Glen Evans has lived the inventor’s dream. He came up with a brilliant idea, founded a biotech start-up called Egea Biosciences, Inc., and then sold it to Johnson & Johnson in 2004 for millions of dollars.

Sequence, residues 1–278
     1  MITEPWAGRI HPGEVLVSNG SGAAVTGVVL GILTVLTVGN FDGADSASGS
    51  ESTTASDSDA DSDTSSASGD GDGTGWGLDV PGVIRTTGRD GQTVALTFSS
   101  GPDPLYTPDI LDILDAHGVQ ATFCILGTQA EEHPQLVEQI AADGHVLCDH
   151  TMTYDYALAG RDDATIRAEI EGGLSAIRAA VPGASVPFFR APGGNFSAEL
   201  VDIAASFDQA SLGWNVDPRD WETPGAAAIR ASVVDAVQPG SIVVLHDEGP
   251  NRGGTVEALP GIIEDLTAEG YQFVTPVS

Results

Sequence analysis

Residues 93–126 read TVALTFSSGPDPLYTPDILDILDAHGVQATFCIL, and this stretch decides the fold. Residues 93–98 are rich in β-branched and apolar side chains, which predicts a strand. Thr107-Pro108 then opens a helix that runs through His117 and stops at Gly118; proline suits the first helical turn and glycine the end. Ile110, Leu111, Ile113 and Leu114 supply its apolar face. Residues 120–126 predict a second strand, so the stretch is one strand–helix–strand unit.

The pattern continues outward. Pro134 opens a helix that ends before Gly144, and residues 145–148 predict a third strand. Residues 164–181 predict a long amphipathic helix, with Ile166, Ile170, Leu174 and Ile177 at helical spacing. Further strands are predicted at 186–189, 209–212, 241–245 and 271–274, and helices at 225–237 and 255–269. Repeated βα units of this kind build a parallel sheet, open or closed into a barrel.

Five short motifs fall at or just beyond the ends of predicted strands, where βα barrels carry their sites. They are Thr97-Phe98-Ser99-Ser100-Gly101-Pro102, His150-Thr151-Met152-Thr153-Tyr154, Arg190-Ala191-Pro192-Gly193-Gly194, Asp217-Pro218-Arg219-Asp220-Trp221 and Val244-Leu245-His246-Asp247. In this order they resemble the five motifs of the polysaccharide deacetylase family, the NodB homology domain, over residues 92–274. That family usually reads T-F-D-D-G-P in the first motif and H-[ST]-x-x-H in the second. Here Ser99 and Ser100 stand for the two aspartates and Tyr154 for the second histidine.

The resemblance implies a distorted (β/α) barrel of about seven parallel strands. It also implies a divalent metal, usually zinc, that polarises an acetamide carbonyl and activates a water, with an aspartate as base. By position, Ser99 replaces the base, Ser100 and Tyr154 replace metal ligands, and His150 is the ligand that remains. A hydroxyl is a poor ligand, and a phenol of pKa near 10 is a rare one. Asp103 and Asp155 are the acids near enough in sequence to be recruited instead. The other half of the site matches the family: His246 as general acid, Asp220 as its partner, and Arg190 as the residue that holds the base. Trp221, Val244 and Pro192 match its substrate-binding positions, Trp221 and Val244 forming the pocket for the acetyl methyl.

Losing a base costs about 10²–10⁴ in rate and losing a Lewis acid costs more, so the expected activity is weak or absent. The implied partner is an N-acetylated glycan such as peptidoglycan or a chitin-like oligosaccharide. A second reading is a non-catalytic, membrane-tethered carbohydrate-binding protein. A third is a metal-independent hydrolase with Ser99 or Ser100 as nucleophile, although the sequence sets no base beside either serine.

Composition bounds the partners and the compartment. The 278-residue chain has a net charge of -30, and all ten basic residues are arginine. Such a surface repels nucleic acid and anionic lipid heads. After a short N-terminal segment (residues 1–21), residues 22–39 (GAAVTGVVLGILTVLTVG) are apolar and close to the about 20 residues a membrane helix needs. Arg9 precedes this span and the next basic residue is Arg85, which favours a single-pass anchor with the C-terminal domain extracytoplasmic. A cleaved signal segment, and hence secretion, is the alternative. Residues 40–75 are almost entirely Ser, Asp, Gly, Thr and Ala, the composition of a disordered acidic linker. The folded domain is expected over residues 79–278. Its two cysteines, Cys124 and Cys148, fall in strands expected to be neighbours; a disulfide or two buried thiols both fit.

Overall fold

“One could say that Egea was really built upon [a] patent,” says Evans, 53. Getting that patent, however, was far from easy. When he first met with McDermott Will & Emery counsel David Gay in 2001, Evans had what he calls “a messy case.” “[Evans] needed help and was sophisticated enough to know he needed help,” says Gay, who was introduced to Evans by a venture capitalist who had invested in Egea.
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